GowBurkeWinklerEtAl2019

Référence

Gow, E.A., Burke, L., Winkler, D.W., Knight, S.M., Bradley, D.W., Clark, R.G., Belisle, M., Berzins, L.L., Blake, T., Bridge, E.S., Dawson, R.D., Dunn, P.O., Garant, D., Holroyd, G., Horn, A.G., Hussell, D.J.T., Lansdorp, O., Laughlin, A.J., Leonard, M.L., Pelletier, F., Shutler, D., Siefferman, L., Taylor, C.M., Trefry, H., Vleck, C.M., Vleck, D., Whittingham, L.A. and Ryan Norris, D. (2019) A range-wide domino effect and resetting of the annual cycle in a migratory songbird. Proceedings of the Royal Society B: Biological Sciences, 286(1894). (Scopus )

Résumé

Latitudinal differences in timing of breeding are well documented but how such differences carry over to influence timing of events in the annual cycle of migratory birds is not well understood. We examined geographical variation in timing of events throughout the year using light-level geolocator tracking data from 133 migratory tree swallows (Tachycineta bicolor) originating from 12 North American breeding populations. A swallow's breeding latitude influenced timing of breeding, which then carried over to affect breeding ground departure. This resulted in subsequent effects on the arrival and departure schedules at autumn stopover locations and timing of arrival at non-breeding locations. This 'domino effect' between timing events was no longer apparent by the time individuals departed for spring migration. Our range-wide analysis demonstrates the lasting impact breeding latitude can have on migration schedules but also highlights how such timing relationships can reset when individuals reside at non-breeding sites for extended periods of time. © 2019 The Author(s) Published by the Royal Society. All rights reserved.

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@ARTICLE { GowBurkeWinklerEtAl2019,
    AUTHOR = { Gow, E.A. and Burke, L. and Winkler, D.W. and Knight, S.M. and Bradley, D.W. and Clark, R.G. and Belisle, M. and Berzins, L.L. and Blake, T. and Bridge, E.S. and Dawson, R.D. and Dunn, P.O. and Garant, D. and Holroyd, G. and Horn, A.G. and Hussell, D.J.T. and Lansdorp, O. and Laughlin, A.J. and Leonard, M.L. and Pelletier, F. and Shutler, D. and Siefferman, L. and Taylor, C.M. and Trefry, H. and Vleck, C.M. and Vleck, D. and Whittingham, L.A. and Ryan Norris, D. },
    TITLE = { A range-wide domino effect and resetting of the annual cycle in a migratory songbird },
    JOURNAL = { Proceedings of the Royal Society B: Biological Sciences },
    YEAR = { 2019 },
    VOLUME = { 286 },
    NUMBER = { 1894 },
    NOTE = { cited By 0 },
    ABSTRACT = { Latitudinal differences in timing of breeding are well documented but how such differences carry over to influence timing of events in the annual cycle of migratory birds is not well understood. We examined geographical variation in timing of events throughout the year using light-level geolocator tracking data from 133 migratory tree swallows (Tachycineta bicolor) originating from 12 North American breeding populations. A swallow's breeding latitude influenced timing of breeding, which then carried over to affect breeding ground departure. This resulted in subsequent effects on the arrival and departure schedules at autumn stopover locations and timing of arrival at non-breeding locations. This 'domino effect' between timing events was no longer apparent by the time individuals departed for spring migration. Our range-wide analysis demonstrates the lasting impact breeding latitude can have on migration schedules but also highlights how such timing relationships can reset when individuals reside at non-breeding sites for extended periods of time. © 2019 The Author(s) Published by the Royal Society. All rights reserved. },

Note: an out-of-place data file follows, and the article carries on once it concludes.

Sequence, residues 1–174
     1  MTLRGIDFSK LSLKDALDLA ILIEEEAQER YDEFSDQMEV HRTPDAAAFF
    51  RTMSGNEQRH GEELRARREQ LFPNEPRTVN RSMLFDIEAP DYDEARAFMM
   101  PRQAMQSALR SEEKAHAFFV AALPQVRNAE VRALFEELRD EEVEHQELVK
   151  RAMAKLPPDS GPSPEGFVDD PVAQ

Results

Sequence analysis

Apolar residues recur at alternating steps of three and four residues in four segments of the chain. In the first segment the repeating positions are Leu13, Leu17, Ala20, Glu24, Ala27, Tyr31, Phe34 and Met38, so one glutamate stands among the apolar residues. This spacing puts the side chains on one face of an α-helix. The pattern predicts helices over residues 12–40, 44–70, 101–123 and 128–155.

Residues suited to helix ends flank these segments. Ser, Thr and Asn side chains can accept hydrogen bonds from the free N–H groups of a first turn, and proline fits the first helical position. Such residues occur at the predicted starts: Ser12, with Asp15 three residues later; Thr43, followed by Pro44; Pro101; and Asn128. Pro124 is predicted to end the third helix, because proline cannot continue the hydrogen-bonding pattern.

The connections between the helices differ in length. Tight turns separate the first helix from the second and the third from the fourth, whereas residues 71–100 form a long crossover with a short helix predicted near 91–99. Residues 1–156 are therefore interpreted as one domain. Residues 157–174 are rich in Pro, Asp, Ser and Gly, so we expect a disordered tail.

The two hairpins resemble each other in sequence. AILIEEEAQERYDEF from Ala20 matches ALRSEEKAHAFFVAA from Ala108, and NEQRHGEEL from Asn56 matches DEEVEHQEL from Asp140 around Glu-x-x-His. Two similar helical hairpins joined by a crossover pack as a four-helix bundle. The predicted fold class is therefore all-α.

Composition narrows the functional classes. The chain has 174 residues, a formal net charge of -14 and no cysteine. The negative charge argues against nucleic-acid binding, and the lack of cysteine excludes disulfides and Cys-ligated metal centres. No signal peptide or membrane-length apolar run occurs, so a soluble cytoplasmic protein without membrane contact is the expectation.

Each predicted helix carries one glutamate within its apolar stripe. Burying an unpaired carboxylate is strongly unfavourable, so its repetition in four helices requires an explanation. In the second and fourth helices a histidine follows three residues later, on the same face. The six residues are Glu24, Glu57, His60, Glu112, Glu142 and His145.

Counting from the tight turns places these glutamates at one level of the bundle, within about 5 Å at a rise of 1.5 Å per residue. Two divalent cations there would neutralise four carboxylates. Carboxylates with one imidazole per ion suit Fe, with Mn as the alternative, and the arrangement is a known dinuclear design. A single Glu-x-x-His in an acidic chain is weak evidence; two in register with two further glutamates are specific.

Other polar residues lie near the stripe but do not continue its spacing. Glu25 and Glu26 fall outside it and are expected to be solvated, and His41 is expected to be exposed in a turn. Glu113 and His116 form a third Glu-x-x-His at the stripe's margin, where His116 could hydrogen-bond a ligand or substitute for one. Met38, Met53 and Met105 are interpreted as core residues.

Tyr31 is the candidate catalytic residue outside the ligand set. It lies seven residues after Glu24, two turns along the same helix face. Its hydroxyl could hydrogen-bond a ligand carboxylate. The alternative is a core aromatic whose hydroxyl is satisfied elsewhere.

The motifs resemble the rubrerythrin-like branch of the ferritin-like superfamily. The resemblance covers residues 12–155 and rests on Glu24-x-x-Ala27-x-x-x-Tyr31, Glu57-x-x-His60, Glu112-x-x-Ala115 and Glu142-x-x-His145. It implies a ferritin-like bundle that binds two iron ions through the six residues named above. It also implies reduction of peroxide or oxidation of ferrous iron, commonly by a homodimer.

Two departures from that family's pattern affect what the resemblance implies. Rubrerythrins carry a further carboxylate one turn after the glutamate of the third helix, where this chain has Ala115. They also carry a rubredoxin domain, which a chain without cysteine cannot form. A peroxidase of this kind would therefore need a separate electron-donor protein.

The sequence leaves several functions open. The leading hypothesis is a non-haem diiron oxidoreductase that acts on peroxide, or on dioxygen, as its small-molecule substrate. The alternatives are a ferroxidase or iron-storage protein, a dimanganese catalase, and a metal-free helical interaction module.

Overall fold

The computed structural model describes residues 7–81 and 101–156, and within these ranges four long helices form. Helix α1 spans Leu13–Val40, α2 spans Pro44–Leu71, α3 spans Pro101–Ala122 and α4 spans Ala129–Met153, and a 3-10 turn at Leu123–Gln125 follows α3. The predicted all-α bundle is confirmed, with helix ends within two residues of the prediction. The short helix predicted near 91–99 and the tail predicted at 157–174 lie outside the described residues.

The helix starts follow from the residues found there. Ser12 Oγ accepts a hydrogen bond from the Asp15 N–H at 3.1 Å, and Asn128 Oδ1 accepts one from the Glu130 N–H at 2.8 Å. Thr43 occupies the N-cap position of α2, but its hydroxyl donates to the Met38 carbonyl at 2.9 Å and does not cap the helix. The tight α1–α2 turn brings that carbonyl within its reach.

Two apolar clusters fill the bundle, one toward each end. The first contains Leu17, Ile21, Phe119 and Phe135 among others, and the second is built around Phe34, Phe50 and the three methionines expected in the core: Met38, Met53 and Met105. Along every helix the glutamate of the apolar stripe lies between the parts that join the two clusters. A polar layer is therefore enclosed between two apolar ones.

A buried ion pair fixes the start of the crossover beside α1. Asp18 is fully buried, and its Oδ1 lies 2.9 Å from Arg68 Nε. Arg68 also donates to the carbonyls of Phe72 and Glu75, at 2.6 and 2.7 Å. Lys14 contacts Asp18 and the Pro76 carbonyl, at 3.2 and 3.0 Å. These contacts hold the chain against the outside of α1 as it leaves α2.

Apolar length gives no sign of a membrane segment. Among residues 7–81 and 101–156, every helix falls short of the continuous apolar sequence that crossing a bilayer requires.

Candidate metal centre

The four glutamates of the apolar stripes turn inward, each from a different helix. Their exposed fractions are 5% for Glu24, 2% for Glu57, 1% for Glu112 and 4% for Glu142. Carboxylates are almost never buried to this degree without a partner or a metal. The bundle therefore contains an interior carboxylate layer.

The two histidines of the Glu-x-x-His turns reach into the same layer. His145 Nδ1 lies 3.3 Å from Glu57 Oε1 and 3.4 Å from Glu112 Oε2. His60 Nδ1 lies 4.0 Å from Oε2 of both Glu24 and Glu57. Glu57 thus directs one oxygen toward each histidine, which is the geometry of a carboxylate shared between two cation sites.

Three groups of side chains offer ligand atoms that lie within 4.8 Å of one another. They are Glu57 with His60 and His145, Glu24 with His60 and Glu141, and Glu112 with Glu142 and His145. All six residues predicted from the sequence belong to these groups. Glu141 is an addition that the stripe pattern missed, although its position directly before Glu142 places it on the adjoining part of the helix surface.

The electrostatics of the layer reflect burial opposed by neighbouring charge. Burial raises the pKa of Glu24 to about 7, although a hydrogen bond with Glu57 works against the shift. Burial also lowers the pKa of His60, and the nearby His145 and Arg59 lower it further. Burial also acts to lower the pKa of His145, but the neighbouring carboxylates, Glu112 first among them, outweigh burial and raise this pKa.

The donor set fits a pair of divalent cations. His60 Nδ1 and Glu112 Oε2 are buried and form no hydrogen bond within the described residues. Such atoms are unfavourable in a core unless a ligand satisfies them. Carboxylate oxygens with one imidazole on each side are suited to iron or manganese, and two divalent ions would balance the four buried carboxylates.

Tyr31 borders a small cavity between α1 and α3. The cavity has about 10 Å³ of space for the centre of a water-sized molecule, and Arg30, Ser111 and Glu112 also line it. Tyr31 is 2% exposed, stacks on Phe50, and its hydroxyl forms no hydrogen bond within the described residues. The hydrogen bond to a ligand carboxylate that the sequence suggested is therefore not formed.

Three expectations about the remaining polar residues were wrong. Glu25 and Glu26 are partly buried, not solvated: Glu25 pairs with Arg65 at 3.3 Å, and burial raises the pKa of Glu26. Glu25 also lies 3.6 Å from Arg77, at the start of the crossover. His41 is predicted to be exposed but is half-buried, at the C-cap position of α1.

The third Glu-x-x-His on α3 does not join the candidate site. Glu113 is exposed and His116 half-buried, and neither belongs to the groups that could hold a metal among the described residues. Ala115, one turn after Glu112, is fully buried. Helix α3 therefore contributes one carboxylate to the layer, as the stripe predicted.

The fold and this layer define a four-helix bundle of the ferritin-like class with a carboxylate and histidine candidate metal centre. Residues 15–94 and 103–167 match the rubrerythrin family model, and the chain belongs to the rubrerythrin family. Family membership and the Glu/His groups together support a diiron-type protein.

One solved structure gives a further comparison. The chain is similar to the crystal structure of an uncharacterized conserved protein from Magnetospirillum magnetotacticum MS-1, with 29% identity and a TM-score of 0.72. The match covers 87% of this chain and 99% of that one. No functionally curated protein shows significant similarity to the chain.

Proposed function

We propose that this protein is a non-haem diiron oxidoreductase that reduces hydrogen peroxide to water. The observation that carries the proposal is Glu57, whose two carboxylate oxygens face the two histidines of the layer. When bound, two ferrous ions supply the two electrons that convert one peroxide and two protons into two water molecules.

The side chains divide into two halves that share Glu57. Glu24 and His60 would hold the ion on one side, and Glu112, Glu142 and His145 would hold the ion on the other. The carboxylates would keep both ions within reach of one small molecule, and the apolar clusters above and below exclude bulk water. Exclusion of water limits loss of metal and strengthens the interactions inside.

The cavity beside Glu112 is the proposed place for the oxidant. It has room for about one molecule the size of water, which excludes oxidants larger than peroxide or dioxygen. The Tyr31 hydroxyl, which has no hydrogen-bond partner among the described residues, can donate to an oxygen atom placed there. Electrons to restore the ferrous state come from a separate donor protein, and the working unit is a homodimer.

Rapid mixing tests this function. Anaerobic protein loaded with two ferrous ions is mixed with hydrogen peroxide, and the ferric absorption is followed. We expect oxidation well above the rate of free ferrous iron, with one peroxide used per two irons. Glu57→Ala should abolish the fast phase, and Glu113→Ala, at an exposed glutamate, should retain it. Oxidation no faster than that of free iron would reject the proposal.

AFFILIATION = { Department of Integrative Biology, University of Guelph, Guelph, ON N1G 2W1, Canada; Department of Biology, Dalhousie University, Halifax, NS B3H 4R2, Canada; Department of Ecology and Evolutionary Biology, Museum of Vertebrates, Laboratory of Ornithology, Cornell University, Ithaca, NY 14853, United States; Bird Studies Canada, Delta, BC V4K 3N2, Canada; Environment and Climate Change Canada, Saskatoon, SK S7N 0X4, Canada; Département de Biologie, Université de Sherbrooke, Sherbrooke, QC J1K 2R1, Canada; Ecosystem Science and Management Program, University of Northern British Columbia, Prince George, BC V2N 4Z9, Canada; Alaska Songbird Institute, Fairbanks, AK 99708, United States; Oklahoma Biological Survey, University of Oklahoma, Norman, OK 73019, United States; Behavioral and Molecular Ecology Group, Department of Biological Sciences, University of Wisconsin-Milwaukee, Milwaukee, WI 53201, United States; Beaverhill Bird Observatory, Box 1418, Edmonton, AB T5J 2N5, Canada; Ontario Ministry of Natural Resources, Peterborough, ON K9J 7BS, Canada; Department of Biological Sciences, Simon Fraser University, Burnaby, BC V5A 1S6, Canada; Department of Environmental Studies, UNC Asheville, Asheville, NC 28804, United States; Department of Biology, Acadia University, Wolfville, NS B4P 2R6, Canada; Department of Biology, Appalachian State University, Boone, NC 28608, United States; Department of Ecology and Evolutionary Biology, Tulane University, New Orleans, LA 70118, United States; Department of Ecology, Evolution and Organismal Biology, Iowa State University, Ames, IA 50011-1020, United States },
    ART_NUMBER = { 20181916 },
    AUTHOR_KEYWORDS = { Carry-over effects; Life history; Migration; Tachycineta bicolor; Timing of breeding; Tree swallow },
    DOCUMENT_TYPE = { Article },
    DOI = { 10.1098/rspb.2018.1916 },
    SOURCE = { Scopus },
    URL = { https://www.scopus.com/inward/record.uri?eid=2-s2.0-85061247360&doi=10.1098%2frspb.2018.1916&partnerID=40&md5=935185612843a4624e551119983e344d },
}

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